By the mid seventies Giffords’ had become like a small department store on three floors. The middle floor sold records. At about the time (the early seventies) I started to get interested in pop music; Giffords closed its record department and concentrated on hardware, tools, gardening equipment, cycles and motorcycles and electrical goods, though it persisted with toys (particularly trains and Airfix models). During the process the record department sold off vast quantities of stock at absurd prices. The prices in this ad were to plummet further until every last record was gone from Giffords. I still own singles that I bought at that time.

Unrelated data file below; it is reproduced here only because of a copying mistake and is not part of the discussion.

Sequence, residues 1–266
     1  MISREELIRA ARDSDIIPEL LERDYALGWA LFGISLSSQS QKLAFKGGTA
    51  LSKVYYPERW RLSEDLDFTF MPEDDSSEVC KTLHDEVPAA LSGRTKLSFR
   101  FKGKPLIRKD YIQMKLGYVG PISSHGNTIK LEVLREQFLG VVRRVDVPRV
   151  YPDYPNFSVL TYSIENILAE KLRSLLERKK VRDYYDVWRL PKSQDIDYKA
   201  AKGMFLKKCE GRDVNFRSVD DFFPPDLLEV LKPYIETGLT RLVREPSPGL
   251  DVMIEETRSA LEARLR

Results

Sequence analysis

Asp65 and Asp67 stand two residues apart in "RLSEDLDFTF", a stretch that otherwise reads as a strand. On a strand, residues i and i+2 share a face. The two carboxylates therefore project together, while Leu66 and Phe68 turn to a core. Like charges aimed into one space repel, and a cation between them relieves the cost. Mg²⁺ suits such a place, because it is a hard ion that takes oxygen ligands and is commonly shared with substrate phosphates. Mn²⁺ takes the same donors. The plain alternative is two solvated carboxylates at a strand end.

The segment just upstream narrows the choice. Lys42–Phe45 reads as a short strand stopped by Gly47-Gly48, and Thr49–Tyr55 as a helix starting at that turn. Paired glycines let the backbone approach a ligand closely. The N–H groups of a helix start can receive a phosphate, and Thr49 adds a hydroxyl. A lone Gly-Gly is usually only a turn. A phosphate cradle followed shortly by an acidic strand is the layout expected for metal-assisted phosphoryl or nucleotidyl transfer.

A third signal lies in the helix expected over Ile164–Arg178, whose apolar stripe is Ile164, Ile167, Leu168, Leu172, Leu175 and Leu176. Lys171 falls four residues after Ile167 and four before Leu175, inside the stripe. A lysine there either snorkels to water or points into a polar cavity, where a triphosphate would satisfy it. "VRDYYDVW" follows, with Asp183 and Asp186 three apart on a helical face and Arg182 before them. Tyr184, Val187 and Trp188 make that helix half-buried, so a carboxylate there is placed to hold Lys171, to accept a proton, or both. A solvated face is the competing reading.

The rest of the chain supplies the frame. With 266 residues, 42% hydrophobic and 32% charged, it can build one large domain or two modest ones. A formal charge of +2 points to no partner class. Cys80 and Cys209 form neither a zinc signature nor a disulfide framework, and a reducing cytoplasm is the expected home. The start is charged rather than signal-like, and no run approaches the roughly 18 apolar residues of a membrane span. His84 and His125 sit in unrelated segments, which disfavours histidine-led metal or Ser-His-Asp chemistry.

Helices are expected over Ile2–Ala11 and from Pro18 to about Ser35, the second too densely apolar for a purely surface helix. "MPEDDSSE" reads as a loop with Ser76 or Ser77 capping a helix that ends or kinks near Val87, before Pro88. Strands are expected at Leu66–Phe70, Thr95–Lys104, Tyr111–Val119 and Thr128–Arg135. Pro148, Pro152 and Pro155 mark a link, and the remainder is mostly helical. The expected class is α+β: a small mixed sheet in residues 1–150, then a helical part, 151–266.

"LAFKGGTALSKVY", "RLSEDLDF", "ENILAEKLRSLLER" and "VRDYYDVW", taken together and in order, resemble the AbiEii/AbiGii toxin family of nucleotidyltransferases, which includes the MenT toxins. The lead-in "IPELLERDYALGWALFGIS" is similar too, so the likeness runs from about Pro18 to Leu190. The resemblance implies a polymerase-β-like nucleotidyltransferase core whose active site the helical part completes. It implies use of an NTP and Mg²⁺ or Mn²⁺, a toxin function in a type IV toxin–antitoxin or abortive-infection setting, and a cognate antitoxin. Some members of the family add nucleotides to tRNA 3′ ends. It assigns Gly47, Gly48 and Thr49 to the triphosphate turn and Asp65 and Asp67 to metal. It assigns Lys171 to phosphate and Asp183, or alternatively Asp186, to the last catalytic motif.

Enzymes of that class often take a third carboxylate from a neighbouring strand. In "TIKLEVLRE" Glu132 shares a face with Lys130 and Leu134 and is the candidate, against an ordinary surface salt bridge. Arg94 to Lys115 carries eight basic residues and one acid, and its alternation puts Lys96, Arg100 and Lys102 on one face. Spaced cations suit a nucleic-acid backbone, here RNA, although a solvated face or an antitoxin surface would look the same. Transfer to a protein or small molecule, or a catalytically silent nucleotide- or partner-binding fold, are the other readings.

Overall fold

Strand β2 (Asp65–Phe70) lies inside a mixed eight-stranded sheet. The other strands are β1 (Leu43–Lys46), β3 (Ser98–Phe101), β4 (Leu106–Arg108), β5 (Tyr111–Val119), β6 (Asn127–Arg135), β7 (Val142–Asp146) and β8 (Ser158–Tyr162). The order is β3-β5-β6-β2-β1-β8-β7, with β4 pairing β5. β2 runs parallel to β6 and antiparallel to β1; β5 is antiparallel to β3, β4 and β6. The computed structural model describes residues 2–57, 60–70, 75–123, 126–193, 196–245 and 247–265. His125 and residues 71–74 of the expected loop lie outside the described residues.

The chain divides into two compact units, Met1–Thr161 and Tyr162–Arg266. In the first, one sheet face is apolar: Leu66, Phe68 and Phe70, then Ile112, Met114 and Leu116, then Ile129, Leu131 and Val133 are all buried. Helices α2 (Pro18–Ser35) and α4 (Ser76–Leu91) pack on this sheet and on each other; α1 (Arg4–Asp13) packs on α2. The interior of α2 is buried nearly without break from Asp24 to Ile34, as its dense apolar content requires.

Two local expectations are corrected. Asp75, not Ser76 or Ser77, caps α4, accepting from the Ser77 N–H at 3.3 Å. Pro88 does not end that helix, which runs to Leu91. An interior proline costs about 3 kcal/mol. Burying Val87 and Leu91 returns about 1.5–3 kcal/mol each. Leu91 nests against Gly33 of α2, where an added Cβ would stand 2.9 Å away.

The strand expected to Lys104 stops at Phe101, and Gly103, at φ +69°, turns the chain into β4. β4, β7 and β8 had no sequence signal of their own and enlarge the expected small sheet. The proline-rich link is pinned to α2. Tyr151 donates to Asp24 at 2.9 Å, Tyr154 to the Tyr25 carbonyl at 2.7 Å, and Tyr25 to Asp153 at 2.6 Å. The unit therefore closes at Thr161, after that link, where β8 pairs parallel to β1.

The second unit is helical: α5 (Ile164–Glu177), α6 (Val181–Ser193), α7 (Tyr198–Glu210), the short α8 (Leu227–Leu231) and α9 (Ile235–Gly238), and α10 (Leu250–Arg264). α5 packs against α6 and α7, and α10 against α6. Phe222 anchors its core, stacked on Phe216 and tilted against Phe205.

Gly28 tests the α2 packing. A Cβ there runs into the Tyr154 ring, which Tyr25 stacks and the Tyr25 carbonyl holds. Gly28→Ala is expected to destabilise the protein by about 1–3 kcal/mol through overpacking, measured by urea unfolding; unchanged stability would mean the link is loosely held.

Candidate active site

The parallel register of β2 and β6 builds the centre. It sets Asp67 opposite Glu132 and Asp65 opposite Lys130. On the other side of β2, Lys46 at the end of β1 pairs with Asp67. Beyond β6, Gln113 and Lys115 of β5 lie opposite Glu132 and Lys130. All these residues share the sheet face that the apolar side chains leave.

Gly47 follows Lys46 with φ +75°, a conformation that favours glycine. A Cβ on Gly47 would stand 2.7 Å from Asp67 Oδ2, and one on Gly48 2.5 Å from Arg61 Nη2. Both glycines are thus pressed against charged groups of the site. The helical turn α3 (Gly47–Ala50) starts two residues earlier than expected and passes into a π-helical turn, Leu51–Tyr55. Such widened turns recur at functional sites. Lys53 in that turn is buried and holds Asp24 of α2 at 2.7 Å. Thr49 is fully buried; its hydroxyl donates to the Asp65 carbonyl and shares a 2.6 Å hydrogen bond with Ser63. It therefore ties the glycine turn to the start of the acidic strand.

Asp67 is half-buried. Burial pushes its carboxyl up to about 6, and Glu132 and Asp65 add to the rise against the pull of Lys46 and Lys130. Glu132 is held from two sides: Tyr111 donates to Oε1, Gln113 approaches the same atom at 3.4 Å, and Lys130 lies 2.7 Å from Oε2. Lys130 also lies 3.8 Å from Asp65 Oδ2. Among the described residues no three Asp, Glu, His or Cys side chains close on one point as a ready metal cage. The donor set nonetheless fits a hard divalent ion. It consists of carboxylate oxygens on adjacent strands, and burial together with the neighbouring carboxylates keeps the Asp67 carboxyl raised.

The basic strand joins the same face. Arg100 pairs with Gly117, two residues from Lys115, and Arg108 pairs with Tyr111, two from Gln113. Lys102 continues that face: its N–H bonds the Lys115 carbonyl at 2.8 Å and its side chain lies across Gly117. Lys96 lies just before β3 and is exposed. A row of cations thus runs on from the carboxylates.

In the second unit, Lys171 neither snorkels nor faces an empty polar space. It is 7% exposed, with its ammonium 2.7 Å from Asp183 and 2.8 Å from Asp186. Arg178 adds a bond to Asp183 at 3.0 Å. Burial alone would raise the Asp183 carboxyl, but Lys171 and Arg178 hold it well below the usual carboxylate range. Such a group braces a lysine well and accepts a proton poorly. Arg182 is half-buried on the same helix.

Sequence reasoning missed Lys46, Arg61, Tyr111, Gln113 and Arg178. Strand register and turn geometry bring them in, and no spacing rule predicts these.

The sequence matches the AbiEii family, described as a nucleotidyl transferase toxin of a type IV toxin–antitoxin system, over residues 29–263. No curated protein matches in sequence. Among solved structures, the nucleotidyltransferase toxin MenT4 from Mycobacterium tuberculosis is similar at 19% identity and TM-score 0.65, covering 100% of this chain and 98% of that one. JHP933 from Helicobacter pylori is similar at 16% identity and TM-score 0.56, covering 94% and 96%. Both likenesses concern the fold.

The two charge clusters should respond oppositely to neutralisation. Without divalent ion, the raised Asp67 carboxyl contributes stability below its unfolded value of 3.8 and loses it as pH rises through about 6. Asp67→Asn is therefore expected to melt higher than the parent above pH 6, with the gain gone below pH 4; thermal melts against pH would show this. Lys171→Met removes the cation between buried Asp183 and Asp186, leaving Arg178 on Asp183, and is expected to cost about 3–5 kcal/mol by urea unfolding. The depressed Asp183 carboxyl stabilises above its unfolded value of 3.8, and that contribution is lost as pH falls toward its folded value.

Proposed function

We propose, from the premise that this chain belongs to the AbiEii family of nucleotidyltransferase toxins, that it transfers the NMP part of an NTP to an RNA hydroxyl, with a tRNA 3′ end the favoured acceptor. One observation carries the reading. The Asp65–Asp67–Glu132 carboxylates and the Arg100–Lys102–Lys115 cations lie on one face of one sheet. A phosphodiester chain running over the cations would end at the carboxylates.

One of my Giffords purchases was Black Sabbath Volume 4 (on the Vertigo ‘swirl’ label) which I foolishly sold on but I remember acting as an auxiliary sales assistant in Subway a few months later when two menacing-looking builders came in. They asked me (a thirteen-year-old boy) what the best Black Sabbath album was. “Volume 4” I told them without hesitation. (I’d only heard one of the others). They both settled into a listening booth and I put it on and turned it up quite loud at their request. After a few minutes one of them lifted a headphone of his mate and shouted “I’m getting this, it’s fucking great, isn’t it!” For a fleeting moment I was a DJ, a salesman and an authority on contemporary music. Comment Razzle-dazzle.